What is a Horse Race?

A horse race is a contest in which horses are ridden by jockeys to the finish line. The winner takes the prize money, called a purse. The runner-up usually receives a smaller amount, and the last place horse may get nothing at all. The winner must beat all other competing horses by a significant margin in order to win the race. The sport has its critics, who argue that it is inhumane and corrupted by drugs. However, the industry remains popular in many areas of the world.

In the earliest days of the sport, races were match races between two or three horses, with the owner providing the purse, and bets coming in the form of simple wagers. The agreements were recorded by disinterested parties, who came to be known as keepers of the match book. One such keeper at Newmarket, England, John Cheny, began publishing An Historical List of All Horse-Matches Run in 1729.

As the sport grew and became more formalized, it was divided into different categories of race: sprints, in which a horse must accelerate quickly, and long-distance races, in which a horse must maintain its stamina over a distance of two to four miles (3.2 to 6.8 km). The latter are sometimes called route races or staying races. In addition to determining how well a horse will perform, race length also plays an important role in the determination of the prize money. A race extending over longer distances is generally considered to be more difficult to win, and as such the winning prize is typically higher.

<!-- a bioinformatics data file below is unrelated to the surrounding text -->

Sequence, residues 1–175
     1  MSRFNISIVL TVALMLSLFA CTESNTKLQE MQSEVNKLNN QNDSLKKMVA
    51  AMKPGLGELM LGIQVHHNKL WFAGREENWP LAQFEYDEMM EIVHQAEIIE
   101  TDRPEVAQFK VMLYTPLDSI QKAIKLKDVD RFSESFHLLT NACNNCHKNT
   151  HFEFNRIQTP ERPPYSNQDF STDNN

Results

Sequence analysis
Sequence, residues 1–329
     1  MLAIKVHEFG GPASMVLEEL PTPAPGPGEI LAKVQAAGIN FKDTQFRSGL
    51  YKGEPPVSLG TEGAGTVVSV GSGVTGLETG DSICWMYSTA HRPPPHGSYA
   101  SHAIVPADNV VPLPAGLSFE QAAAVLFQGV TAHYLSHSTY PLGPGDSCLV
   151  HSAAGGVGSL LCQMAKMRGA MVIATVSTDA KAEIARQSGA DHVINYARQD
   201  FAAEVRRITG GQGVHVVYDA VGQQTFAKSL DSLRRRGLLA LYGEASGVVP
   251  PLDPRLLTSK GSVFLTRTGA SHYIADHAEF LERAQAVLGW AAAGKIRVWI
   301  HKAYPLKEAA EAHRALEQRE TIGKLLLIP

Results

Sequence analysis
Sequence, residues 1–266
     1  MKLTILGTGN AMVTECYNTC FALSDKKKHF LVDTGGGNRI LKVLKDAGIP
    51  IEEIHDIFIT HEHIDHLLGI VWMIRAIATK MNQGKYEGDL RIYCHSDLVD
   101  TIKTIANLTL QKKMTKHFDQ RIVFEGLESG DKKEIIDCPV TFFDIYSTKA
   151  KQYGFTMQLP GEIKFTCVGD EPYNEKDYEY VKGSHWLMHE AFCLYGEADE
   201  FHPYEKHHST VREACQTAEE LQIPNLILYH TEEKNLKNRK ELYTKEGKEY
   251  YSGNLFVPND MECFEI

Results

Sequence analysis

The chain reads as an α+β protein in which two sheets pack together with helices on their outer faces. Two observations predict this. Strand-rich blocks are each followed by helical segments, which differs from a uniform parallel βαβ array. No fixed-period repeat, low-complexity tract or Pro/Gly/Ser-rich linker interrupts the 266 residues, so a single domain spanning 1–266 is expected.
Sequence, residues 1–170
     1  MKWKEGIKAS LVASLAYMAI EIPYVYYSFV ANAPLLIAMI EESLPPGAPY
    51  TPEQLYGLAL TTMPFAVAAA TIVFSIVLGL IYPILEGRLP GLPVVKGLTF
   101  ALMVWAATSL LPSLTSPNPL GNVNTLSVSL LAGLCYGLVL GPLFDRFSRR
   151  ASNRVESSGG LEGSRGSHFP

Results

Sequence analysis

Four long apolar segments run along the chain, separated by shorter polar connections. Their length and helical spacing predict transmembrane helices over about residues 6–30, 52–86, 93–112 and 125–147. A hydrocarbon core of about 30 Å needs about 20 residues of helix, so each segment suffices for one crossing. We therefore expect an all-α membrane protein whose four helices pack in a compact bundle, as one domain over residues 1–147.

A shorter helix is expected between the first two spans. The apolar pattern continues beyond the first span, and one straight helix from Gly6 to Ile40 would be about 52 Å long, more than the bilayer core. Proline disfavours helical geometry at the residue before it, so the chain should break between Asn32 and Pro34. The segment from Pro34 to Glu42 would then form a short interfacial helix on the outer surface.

Horses are often pushed beyond their limits by trainers in an attempt to increase the odds of winning. As a result, many of them will bleed from their lungs in the course of the race, a condition known as exercise-induced pulmonary hemorrhage. To prevent this, most thoroughbreds are given a cocktail of legal and illegal drugs to mask the bleeding and boost performance. These include antipsychotics, anti-inflammatories, blood doping agents, and growth hormones. Some are also injected with a substance called Lasix, which causes the horse to unload epic amounts of urine, often twenty or thirty pounds worth.

A variety of tools and techniques are employed to prepare horses for the racetrack, including training, exercise, and veterinary care. A trainer might use a whip or electronic shock device to encourage his or her horse to speed up. A horse that is trained and raced in an attempt to improve its chances of winning is often referred to as the “chalk” for the betting totals on it displayed on a chalkboard at the track. Other common terms include: